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Neither New Labour Nor Gorgeous George: How One Old Trot Ended Up a Reluctant Green Voter on Super Thursday

Dave Osler

BRITISH POLITICS is changing, and the multiple elections held on so-called Super Thursday last June amply make the point. For probably the first time since the formation of the Labour Party, watching it take a pummelling at the polls was arguably the optimum outcome for socialists.

By undermining Blairism, both the Labour left and the Respect-centred non-Labour left have been presented with opportunities. Whether either is sufficiently tactically astute to grasp them is another matter.

It may seem paradoxical – nay, blasphemy itself – to tell Labour leftwingers that their interests are not best served by the highest possible Labour vote. But trust me, fellas. This might hurt, but it is for your own good.

Far too many Labour left comrades cling to the essentially patronising idea that there are millions of class-conscious but somehow slightly stupid reformist workers out there who have been duped into keeping a shrine to Clement Atlee in their spare bedroom.

The masses honestly believe that Labour will slowly expropriate capitalism through piecemeal parliamentary legislative measures. The task of revolutionaries, as the orthodox Trot jargon has it, is to go through the experience of Labour government with them.

Life just ain’t like that anymore. Of course the majority of the working class still vote Labour. Of course Labour remains a bourgeois workers’ party. But the average trade union activist pretty much takes for granted that Blairites are a bad lot. They don’t vote Labour because they believe there is a parliamentary road to socialism. They vote Labour because they are not quite as bad as the Tories.

That’s if they vote Labour at all. Electoral participation is in long-term decline, and not all of the no shows are down to apathy. A significant minority of abstainers – particularly among the young – are effectively saying "none of the above". It’s game over for such traditional Trot slogans such as "class vote for Labour".

All of this dovetails with a second factor, which was that none of the votes on Super Thursday actually mattered very much. UKIP US import spindoctor and former Clinton staffer Dick Morris made the following entirely accurate prediction about the euro-elections six months ahead of the event: "What’s going to happen is that UKIP is going to rack up an amazing vote ... almost precisely because the European Parliament doesn’t mean a whole hell of a lot. It will be a symbolic vote for a symbolic body for a symbolic party."

Super Thursday was a glorified opinion poll that, whatever the outcome, was never going to change anything essential about British politics. Or put it another way. Does any Londoner reading this frankly give tuppence whether Claude Moraes or Mary Honeyball are euro-MPs or not? Does it make any difference whatsoever to the class struggle, one way or the other, whether such braindead Blairite nonentities get into an essentially impotent body that is in any case saddled with a permanent large centre-right majority? To ask such questions is to answer them.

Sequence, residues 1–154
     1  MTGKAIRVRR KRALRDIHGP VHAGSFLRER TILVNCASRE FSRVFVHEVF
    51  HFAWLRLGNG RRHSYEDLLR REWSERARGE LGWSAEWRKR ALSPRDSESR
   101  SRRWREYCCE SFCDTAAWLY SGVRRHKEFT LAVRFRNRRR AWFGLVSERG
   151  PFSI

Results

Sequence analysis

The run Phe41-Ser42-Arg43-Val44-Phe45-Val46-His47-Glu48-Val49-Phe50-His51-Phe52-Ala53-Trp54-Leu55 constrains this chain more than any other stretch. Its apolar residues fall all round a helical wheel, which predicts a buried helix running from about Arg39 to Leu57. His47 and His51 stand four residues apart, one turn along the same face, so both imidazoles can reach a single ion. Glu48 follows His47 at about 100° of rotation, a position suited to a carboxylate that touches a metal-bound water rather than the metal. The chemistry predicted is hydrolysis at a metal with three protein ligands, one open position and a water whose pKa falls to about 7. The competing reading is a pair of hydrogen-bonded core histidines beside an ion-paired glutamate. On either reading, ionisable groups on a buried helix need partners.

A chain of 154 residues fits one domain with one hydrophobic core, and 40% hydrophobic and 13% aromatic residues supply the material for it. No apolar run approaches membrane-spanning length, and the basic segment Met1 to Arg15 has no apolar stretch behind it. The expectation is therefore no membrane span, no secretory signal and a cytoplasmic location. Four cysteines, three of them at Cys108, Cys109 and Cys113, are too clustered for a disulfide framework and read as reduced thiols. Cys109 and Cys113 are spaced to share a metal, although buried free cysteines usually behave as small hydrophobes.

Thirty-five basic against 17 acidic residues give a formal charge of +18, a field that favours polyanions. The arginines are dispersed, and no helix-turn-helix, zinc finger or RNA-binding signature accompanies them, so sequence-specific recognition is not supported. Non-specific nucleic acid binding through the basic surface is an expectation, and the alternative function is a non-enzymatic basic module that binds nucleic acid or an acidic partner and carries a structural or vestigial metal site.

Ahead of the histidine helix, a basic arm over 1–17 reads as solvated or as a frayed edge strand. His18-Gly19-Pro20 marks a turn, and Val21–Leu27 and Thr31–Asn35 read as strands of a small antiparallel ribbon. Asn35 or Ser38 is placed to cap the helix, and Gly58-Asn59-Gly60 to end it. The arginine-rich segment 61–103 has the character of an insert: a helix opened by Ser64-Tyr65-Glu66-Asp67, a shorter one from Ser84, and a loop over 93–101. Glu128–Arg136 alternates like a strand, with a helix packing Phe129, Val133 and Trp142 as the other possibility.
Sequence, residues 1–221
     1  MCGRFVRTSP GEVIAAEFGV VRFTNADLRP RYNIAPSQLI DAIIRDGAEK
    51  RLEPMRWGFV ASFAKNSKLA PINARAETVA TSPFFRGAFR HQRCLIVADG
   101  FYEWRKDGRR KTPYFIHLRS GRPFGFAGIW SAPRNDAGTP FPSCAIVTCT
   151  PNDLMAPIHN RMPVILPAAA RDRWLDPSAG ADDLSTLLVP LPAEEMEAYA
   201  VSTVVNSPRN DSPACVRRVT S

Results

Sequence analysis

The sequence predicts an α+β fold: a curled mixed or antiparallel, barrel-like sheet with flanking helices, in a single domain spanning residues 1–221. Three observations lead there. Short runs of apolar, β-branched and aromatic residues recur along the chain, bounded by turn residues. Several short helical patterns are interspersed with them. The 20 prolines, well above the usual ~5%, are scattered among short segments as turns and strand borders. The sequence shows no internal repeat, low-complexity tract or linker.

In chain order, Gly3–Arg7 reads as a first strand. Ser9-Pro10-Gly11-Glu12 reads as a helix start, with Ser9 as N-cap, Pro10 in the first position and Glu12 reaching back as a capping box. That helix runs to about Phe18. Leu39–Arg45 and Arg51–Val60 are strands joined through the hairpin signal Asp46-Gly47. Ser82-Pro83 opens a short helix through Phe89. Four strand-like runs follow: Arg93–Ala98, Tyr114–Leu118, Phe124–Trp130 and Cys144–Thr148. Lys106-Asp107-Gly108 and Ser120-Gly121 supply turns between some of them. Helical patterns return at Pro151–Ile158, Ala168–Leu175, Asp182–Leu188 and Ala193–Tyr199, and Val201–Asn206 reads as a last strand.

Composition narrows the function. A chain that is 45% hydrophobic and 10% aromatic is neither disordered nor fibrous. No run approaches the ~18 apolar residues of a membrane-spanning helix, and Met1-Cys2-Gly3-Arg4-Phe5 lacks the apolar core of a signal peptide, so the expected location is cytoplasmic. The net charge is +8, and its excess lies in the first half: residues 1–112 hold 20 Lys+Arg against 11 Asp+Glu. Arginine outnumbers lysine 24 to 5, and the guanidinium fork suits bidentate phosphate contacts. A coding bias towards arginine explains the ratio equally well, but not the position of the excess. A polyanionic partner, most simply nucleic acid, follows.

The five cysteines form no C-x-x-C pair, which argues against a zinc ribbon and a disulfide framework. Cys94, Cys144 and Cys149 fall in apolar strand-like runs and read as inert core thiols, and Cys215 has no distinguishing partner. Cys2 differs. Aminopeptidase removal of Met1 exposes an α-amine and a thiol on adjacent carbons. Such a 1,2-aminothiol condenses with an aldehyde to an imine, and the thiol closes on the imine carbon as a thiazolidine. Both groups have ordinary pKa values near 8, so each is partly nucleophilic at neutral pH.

Come to that, how much of a tribune of the oppressed could Respect candidates such as Gorgeous George expect to prove in Strasbourg’s heated debates over the latest European Commission widget manufacturing standards directive? You can just imagine the television interviews now, can’t you? And now we hand you over to John Rees MEP, who explains the Leninist line on banana curvature ...

The London mayor and Assembly contests were also fights over essentially administrative positions of pretty limited power. True, many of Livingstone’s supporters went into politics ardent for world revolution. Trouble is, they are now reduced to arguing that congestion charging is a pretty close second.

Labour Party comrades campaigned for Livingstone, while even Respect urged a second preference for Red Ken. Less than a fortnight later, comrade mayor was urging RMT members to cross picket lines. Bloody brilliant. Class vote for Labour, right?

The Labour London Assembly candidates were a pretty uninspiring bunch, even though individuals such as Lucy Anderson made a few token squeaks in the right direction.

When it comes to the local government contests outside London, things have clearly changed since the early eighties glory days that municipal socialism shared with Duran Duran. Councils are powerless to enact even localised progressive agendas. Their main role is to vote on which private company gets the contract to empty the bins. It is pretty far-fetched to describe Britain’s town halls as sites of struggle. Come back dented shield, all is forgiven.

Does it matter whether it is New Labour, the Lib-Dems or the Tories that are creaming off inflated attendance allowances while overseeing cutbacks in local swimming pools and slashing library opening hours? Maybe there should be a political congestion charge for parties that clog up the centre-right of British politics.

Not only that, some Labour local authorities have a certain whiff of Tammany Hall about them. While I am no expert on Tyneside local politics, it’s a fair bet that the whatever damage the change of administration in Newcastle has done to the machine politics employed by certain trade unions in the North East, it hasn’t done municipal transparency in general any harm.